Thoughts on the movie, Newton
The conduct of free and fair elections is often used as a medallion for burnishing a country's democratic credentials. This is to be expected since elections have that peculiar property of being a self-fulfilling prophecy: the conduct of an election often justifies the future conduct of elections. Every five years India hosts the largest general election in the world. The national news and discourse, while dominated by exit poll predictions and political machinations, will inevitably feature one or two quaint stories about officials operating polling booths in some remote part of the country - often for handfuls of voters. The specifics of the story vary from year to year but the underlying message is always the same - universal adult franchise is a cornerstone of our democracy and must be celebrated. The movie Newton features one such story. A principled election-duty volunteer is tasked with operating a polling booth in the middle of a Naxal-dominated jungle for merely 76 voters. Whether he succeeds and the travails he faces in his line of duty form the meat of this movie.
Rajkumar Rao's character, Newton Kumar, is one-dimensional; he is brutally honest, principled to a fault and aggressively bound to his duty. This black & white character, bordering on caricature, stands in stark contrast to the gray dominion of Dandakaranya Forest, the stage for a long-running conflict between Maoist insurgents and security forces of the state. In this verdant jungle the lines of oppressor and oppressed shift and blur on a day to day basis. The character's rigid exterior serves as a compass while navigating this nebulous setting. The 'system' is represented by the character of Assistant Commandant Atma Singh (AC). Despite his spiritually rich first name, the AC is a thick-skinned realist and a cynic. He distrusts the tribals - the historical residents of the forest - and doesn't hold them capable of appreciating adult franchise. The clashes between these characters bring to bear a number of uncomfortable questions about adult franchise in these remote parts. The tribals are caught between forces they cannot control. The state wants them to vote, the insurgents don't. The insurgents surround them, but the state is everywhere. They are too few to be of interest to political leaders and too poor to be of interest to most media. The leaders speak about foreign things (infrastructure growth and foreign direct investment) and in a foreign language (Hindi). Is it really freedom of choice when the only choice is between different levels of grime on green buttons in a voting machine? Why should we celebrate the active presence of the state once in five years in these remote parts? Shouldn't the state be present every single day offering essential services such as education and healthcare? By calling attention to the one-off occurrence of elections as evidence of democracy, aren't we also highlighting the failure of democratic governance in making these remote parts more hospitable to the pursuit of a good life?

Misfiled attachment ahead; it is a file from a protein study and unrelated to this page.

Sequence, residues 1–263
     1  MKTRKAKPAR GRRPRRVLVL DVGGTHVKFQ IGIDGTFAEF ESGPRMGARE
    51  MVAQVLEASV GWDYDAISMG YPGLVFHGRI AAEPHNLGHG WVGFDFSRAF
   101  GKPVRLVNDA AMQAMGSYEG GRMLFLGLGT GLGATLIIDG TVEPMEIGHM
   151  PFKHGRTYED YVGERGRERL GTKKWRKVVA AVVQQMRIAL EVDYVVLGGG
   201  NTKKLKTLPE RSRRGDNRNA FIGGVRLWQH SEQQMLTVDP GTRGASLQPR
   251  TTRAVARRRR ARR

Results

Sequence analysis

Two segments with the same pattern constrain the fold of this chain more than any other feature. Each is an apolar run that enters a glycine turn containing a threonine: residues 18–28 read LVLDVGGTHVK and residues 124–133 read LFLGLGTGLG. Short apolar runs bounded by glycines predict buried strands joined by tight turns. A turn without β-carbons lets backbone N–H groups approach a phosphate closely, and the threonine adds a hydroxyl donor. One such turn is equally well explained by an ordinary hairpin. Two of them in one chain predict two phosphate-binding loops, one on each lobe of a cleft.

The movie does not answer these questions. However, there is one key scene where the movie ventures to speak out. When Newton and his colleagues are returning to their camp after disbanding the polling booth, they meet four tribals seeking to vote. The AC and his team shoo away the villagers; Newton loses it! He grabs the nearest gun to hold the AC hostage and commands his colleagues to setup an impromptu polling booth in the middle of the jungle for these four men. The booth is organized and the tribals vote! Four votes are successfully registered in an election with over 800 million voters. It is obvious that these four votes don't matter in the grand scheme of things. And yet, it MATTERS to those four tribals. When you are nothing more than living shades in a dark forest, being even just a canvas for election ink adds a little bit of legitimacy to your life as a citizen of India. An institution of the state of India has recognized them -- maybe just for one day, but that's still one day more than they are used to. That is the power of an institution such as universal adult franchise.